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Old 15-01-2018, 22:22   #16
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Re: How much do you shut down when you leave the boat?

i usualy keep the sea cocks closed when not in use , also keep my batteries tuned off , obviously lock the hatch , there are other small things , like making sure the cockpit drains are clean , and the lid to the head closed . i always leave things with the intent of there being 40knot winds or worse when im gone ( but im on a mooring )
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Old 15-01-2018, 22:27   #17
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Re: How much do you shut down when you leave the boat?

the one time i left the seacocks open in the head and left the boat for a week i came back to a 100 or so liters of water in the bilge because the o ring for the pump on the head had slowly leaked the whole time i was gone
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Old 15-01-2018, 23:50   #18
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Re: How much do you shut down when you leave the boat?

I guess I am not a very good person. The only things I shut off are the water pump and the head pump.
I leave food in the fridge because it is a 12 vt fridge and I have 2 solar panels.
All hull valves are open.
Battery charger on.
AND shame on me, I leave a 120vt lamp on in the saloon so the neighbors knows shore power is still at the boat.
I leave the A/C on too. Keeps the humidity at a reasonable level on the boat. No, I dont open all the cabinets. For now, the only time the boat is unoccupied is March and April. If I didn't have to pay taxes, I would be on the boat 12 months of the year. I return to my legal address and check on my friends, "who died".
I would gladly sell my condo in Atlanta but then, what would I do with all the stuff in the condo.
The last time I had a CG inspection, they were not upset that I leave the sanitary over board open. The pump is shut off at the panel and it also takes a key to energize the pump. IF they said I should also shut the hull valve, I would but, they didn't. They were impressed with the necessity of a key to operate the sanitary overboard pump.
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Old 16-01-2018, 00:35   #19
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Re: How much do you shut down when you leave the boat?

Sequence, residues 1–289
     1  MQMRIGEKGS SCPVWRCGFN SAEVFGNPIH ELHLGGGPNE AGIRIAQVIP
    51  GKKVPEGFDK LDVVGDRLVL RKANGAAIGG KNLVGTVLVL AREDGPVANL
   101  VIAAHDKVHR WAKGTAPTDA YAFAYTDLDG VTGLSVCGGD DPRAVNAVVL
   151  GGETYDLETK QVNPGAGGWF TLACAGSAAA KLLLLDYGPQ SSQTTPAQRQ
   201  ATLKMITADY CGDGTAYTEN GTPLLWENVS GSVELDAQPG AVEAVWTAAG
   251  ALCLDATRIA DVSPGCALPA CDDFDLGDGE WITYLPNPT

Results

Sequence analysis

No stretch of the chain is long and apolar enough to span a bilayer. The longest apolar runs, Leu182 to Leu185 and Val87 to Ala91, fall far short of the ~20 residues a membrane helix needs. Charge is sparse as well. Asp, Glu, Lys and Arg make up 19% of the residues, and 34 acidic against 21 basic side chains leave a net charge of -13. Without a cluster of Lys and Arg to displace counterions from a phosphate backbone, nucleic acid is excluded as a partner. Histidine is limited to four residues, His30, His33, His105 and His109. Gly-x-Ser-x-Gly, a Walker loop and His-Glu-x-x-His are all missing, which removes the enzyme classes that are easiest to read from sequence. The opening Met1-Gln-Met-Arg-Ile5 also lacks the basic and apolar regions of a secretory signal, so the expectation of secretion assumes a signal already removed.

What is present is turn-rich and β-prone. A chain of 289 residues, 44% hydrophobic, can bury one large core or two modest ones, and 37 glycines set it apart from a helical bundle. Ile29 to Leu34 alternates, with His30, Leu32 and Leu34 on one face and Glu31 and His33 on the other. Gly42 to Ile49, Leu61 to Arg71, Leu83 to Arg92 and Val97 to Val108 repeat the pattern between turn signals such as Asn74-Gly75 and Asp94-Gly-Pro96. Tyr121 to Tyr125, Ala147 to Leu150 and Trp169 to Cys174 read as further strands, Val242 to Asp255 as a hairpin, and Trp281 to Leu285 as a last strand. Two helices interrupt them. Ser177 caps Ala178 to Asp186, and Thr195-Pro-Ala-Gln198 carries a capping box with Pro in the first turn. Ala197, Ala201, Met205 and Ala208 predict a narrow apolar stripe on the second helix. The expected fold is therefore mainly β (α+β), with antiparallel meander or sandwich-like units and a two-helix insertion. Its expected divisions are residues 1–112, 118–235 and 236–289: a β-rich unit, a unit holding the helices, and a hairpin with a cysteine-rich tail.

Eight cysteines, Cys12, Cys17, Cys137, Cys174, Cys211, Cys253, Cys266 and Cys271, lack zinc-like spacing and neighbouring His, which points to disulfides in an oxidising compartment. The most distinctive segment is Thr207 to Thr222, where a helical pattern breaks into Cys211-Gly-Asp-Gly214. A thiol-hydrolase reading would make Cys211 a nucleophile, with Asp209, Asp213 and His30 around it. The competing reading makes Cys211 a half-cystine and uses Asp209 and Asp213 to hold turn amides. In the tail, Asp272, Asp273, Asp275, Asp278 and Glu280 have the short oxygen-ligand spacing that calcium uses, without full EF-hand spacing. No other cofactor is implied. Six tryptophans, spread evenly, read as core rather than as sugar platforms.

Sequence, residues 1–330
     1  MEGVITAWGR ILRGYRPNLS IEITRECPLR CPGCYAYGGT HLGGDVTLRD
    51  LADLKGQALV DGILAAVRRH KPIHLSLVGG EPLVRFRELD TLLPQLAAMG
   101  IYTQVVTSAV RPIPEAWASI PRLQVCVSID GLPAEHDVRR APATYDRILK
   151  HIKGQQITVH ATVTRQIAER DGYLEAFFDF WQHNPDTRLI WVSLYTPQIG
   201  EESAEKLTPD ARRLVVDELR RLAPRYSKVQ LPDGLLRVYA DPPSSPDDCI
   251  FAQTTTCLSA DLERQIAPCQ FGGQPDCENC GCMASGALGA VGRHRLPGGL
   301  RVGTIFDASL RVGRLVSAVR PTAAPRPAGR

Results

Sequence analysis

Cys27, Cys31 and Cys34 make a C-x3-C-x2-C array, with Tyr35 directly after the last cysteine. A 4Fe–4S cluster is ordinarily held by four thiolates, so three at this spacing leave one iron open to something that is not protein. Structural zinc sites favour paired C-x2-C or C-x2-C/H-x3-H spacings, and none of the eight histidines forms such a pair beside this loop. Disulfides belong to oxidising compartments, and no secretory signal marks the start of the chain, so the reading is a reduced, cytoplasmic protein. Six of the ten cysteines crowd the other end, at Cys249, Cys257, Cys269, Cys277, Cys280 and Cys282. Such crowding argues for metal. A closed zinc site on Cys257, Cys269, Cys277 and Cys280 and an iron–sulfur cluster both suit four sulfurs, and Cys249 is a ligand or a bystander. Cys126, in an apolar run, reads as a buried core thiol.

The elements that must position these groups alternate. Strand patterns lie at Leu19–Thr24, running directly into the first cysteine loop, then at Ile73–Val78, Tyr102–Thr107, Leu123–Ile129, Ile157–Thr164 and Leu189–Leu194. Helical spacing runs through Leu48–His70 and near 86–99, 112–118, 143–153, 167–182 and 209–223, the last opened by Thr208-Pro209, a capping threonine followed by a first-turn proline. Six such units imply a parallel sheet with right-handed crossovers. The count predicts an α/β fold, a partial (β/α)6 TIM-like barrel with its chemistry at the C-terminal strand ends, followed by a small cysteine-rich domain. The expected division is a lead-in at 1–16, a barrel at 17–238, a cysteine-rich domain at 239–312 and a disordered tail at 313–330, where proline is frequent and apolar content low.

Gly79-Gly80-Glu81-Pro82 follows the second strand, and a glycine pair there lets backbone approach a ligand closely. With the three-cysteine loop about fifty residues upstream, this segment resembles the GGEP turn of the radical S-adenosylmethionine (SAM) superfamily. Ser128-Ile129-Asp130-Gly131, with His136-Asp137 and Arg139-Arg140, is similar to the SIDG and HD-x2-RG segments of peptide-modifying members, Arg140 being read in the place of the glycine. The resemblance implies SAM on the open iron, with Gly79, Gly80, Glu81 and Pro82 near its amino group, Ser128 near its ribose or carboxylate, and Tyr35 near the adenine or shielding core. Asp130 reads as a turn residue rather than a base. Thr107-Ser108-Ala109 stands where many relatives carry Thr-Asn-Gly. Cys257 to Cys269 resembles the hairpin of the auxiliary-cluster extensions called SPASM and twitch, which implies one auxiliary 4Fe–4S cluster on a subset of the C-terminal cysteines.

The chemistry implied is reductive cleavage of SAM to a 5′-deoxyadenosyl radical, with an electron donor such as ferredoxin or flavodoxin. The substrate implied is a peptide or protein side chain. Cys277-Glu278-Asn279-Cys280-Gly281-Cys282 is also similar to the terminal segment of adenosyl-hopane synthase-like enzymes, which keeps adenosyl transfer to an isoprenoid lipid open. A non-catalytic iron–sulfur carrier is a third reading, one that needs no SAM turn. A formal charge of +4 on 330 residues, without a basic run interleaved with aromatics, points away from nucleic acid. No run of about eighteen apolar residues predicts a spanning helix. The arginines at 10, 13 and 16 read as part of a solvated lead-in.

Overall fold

Away for a few days;
Shutting valves off a good idea if they are brass. We don't have any.
Toilets outlets should be shut off if you haven't checked the anti-siphon lately.
I leave saltwater throughhull valves open but have valves at the heads that can shut off.
Long term;
Shut 'em all except main bilge pump.
Turn all power off except the main bilge pump.
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Old 16-01-2018, 01:21   #20
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Re: How much do you shut down when you leave the boat?

I am pretty anal about this as I have seen so many disasters on unattended boats from minor failures

Thru hulls.
I close all the sea intakes (below the waterline) but not the discharges if significantly above waterline.
For me it is peace of mind and I figure a good exercise of the valves to keep them easily turning.

Main dockside breaker (240) always turned off as is the on board Master.

24v Start Off
24v Emerg Parallel Off
12v Radio/instruments Off
24v/12v. DC to DC Off
24v House Master On but ALL individual breakers off except for fridges if food is in them.
If no Food then House Master Breaker is Off as bilge pumps and alarms are direct to house.

Solar is then also Off
Fuel Vents Closed, key hidden

Even when we all go off the boat at anchor, it is pretty much the same.
Houses don't get shaken around in a salt water environment, so you shouldn't compare to a boat.
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Old 16-01-2018, 05:00   #21
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Re: How much do you shut down when you leave the boat?

I would let all seacocks closed when not in use. Only open what you need on board. For the electricity - it depends.